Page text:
This queen Eastern Yellowjacket, Vespula maculifrons, is recognizable by the “free spots” on her abdomen segments. That, and the thickness of her abdomen. The workers and males of the species lack the spots.
A female European Paper Wasp, Polistes dominula, a native of Eurasia now quite wide-spread in North America.

Both of these wasps were all over the leaves of a magnolia in a Massachusetts yard, as were a few other Hymenoptera and Diptera species. This tree had a bad Magnolia scale infestation last year, and I suspect the returning little devils have left their honeydew on the leaves.

The terms “wasp,” “hornet,” and “yellowjacket” are commonly interchangeable, which obviously makes for some confusion. “Wasp” is the encompassing name for all the non-bee and non-ant members of the order Hymenoptera, so hornets and yellowjackets are all wasps. Most of the wasps are small and parasitical, like the legions of gall wasps. The big social and solitary species of wasps, the ones that scare picnickers, are the ones we label hornets and yellowjackets. In my experience, all the yellow and black ones get called yellowjackets, regardless. When in doubt, stick to binomial names. All my wasps.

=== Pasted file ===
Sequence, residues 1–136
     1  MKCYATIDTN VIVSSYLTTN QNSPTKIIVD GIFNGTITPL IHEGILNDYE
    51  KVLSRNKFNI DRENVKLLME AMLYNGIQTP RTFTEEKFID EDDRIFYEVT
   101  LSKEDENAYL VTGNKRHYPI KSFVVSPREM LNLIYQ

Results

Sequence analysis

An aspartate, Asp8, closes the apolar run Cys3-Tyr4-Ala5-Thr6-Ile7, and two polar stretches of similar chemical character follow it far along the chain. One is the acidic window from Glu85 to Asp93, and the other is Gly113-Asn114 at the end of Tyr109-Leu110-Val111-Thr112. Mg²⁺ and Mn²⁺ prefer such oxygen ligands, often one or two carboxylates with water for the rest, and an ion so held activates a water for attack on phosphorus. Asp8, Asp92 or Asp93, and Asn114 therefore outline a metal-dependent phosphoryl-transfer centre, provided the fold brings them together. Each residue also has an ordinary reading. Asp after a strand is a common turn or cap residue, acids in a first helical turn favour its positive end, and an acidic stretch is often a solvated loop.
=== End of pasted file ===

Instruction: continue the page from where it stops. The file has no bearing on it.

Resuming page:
1 Response to “Vespidae”

  1. 1 lolasanrose June 14, 2012 at 8:58 pm

    here i am again. good stuff.

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